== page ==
The Tyranny of Open Access

Posted on: July 22nd, 2016 by admin 5 Comments

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Yesterday I received an e-mail that read: “Dear Dr Vaughan, Hope this mail finds you in good health. We appreciate your research in the field of radiology with reference to your article in Pubmed. In this regard I would like to invite an article for publication in Nuclear Medicine and Biomedical Imaging. All submitted articles will be reviewed by me (founding editor-in-chief) and our rapid review process allows the submission to be published in just over 7-10 days.” The letter was signed by Emily Jones, editorial assistant, and when I visited the journal’s website, I discovered the editor-in-chief “will be updated soon”! The publication charges that must be paid by the author for this open access journal are £590.

I have received similar letters at least once a week for the past few months – no doubt prompted by our paper that recently appeared in Clinical Imaging – and yesterday’s e-mail reminded me of a series of articles published by Science in October 2013. Among the articles was one entitled “Who’s afraid of peer review?” by John Bohannon that highlighted one of the significant problems with open access journals.

What Bohannon pulled off was a major sting operation in which he wrote a paper that had this basic form: molecule X from lichen species Y inhibits the growth of cancer cell Z. He created a database of molecules, lichens and cancer cell lines and wrote a computer program to generate hundreds of unique papers. Other than the differences in X, Y and Z, the scientific content of each paper was identical. He then created fictitious authors and institutions based on African names.

Bohannon identified open access journals with a focus on pharmaceutical science or cancer biology and, over an eight-month period he sent the papers out to 304 journals, of which 255 underwent the entire editing process as far as acceptance or rejection. Now here’s the astonishing finding: while 98 papers were rejected, 157 were accepted, despite the obvious fatal flaws that any reasonable reviewer should have identified immediately. With the acceptance letter an invoice was also delivered, requesting payment of up to $3,100 before the paper would be published.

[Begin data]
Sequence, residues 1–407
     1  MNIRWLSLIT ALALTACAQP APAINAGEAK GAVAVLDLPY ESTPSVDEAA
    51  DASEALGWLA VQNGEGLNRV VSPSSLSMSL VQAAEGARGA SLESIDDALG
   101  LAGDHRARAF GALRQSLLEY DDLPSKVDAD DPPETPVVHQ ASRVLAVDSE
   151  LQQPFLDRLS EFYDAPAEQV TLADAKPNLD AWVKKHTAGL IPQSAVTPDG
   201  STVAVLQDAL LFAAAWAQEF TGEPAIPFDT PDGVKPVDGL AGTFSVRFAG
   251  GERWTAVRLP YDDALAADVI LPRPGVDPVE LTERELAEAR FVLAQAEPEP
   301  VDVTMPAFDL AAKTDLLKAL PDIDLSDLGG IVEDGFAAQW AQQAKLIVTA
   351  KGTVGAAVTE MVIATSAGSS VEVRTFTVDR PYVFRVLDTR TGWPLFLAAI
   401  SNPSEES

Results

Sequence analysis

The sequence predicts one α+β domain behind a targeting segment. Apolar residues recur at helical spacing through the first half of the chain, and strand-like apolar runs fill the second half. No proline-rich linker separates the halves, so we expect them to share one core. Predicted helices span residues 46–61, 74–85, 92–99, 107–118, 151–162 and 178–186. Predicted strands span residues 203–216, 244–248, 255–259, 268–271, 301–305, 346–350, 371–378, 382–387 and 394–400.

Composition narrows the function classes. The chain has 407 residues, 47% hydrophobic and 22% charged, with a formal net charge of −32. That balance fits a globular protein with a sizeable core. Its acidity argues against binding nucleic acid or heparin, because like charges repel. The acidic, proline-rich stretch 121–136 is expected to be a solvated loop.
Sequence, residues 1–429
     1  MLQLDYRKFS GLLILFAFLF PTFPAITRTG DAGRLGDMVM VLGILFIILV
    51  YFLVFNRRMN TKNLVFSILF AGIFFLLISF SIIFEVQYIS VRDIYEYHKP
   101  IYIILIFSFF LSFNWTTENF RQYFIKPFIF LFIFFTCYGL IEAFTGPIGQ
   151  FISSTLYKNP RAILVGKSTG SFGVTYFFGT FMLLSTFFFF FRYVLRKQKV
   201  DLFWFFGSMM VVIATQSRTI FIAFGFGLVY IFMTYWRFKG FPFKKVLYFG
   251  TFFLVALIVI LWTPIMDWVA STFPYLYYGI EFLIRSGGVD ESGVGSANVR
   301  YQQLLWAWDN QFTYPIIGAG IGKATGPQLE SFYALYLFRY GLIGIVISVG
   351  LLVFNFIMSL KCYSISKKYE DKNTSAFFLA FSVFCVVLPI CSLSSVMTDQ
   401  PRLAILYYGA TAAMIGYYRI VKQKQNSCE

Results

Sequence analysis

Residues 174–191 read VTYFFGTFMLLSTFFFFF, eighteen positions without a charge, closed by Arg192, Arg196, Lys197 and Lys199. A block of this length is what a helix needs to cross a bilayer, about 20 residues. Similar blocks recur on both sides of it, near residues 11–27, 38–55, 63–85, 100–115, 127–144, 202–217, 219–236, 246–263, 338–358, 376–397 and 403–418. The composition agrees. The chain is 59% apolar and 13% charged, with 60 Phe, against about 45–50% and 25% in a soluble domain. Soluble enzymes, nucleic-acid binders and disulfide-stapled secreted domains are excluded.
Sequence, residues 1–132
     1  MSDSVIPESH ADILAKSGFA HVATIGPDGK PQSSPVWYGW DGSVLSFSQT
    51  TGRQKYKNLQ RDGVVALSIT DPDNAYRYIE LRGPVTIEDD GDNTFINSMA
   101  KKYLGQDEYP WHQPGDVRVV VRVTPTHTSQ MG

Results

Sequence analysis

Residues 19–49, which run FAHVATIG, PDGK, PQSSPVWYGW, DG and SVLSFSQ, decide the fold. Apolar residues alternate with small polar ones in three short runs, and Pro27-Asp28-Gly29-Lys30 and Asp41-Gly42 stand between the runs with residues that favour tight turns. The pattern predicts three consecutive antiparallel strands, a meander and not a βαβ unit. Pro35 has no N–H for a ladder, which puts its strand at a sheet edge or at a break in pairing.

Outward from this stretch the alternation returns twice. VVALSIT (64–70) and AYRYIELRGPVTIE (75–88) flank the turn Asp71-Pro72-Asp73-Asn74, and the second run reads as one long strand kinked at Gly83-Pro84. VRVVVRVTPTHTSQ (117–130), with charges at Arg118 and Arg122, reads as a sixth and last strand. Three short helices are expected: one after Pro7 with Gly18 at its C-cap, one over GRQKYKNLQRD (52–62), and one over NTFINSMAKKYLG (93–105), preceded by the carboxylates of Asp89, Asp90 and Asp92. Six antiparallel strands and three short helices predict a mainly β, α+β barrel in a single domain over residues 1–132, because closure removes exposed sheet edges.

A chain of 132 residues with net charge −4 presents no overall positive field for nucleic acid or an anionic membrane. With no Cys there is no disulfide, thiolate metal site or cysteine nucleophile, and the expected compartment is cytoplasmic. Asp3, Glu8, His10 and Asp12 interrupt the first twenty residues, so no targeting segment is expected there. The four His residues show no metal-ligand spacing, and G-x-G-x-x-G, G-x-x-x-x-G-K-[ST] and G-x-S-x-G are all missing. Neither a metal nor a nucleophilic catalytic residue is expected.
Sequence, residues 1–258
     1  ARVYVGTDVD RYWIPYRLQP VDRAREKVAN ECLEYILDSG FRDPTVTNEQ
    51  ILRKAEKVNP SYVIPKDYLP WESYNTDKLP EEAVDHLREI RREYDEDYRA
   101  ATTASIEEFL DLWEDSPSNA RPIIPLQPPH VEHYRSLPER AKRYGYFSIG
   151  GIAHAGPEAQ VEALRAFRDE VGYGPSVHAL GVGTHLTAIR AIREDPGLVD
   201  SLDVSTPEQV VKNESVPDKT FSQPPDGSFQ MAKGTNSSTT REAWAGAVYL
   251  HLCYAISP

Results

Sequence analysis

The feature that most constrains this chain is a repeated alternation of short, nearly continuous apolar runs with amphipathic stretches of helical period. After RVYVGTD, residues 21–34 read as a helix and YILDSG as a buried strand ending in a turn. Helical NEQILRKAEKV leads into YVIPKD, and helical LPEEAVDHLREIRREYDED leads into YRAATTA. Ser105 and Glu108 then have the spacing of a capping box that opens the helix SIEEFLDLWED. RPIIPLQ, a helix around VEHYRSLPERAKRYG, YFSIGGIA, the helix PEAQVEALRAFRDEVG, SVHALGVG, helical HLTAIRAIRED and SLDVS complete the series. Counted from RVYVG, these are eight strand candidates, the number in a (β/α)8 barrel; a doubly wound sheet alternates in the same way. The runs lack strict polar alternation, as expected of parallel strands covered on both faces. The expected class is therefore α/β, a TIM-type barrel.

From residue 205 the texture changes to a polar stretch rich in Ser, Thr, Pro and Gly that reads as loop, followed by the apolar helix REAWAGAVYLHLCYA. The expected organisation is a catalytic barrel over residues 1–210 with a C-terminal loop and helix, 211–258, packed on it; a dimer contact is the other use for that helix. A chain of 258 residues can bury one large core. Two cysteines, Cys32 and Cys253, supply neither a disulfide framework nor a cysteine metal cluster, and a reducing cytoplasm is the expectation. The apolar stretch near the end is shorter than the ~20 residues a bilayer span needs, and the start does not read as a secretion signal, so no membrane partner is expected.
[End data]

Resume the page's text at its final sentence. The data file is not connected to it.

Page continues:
So, is this article in Science an indictment of all open access journals and am I justified in referring to the “tyranny” of these journals? Clearly there are some excellent high impact open access journals such as PLOS ONE, but it goes without saying that I will not be submitting my research findings to Nuclear Medicine and Biomedical Imaging.

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5 Responses

  1. Ed Sturrock says:

    Thanks, Kit. I’ll stop sending you invites to publish in open access journals! There was a good article by Kate Worlock published in Nature today on the pros and cons of Open Access . She says that the internet has created a difficult dichotomy, summarised by Stuart Brand in his book “The Media Lab: Inventing the Future at MIT”. Brand said that, “Information wants to be free because it has become so cheap to distribute, copy, and recombine – too cheap to meter. It wants to be expensive because it can be immeasurably valuable to the recipient. That tension will not go away” (http://www.nature.com/nature/focus/accessdebate/34.html)

  2. David Dent says:

    Anyone with international publications will receive bogus invitations to write editorials, or papers, or to be an invited speaker at a congress. The give away is that the journal (“The International Journal of….), or the Congress (The World Congress of….) is totally unfamiliar in the field, and the total give away if the fee required, sometimes >$1000.
    Ars longa, vita brevis.

  3. Kit,
    Save your hard earned Rand!
    Sooner than you think, Hologic will be begging to join forces with Caperay!
    As I used to tell my patients “I am seldom wrong!!”
    Oom,
    Ian MA MD(cantab)

  4. Kit Vaughan says:

    Thanks for your comments, Ed, David, JP and Ian.
    Your link to the article by Kate Warlock in Nature was a good one, Ed, as was the quote by Stuart Brand.
    Hopefully, many of these fly-by-night publishers will disappear in due course but, given the ongoing pressure on academics to publish, I rather suspect the trend will continue. It just means those people reviewing a paper or a grant or someone’s portfolio for promotion, will need to have their wits about them!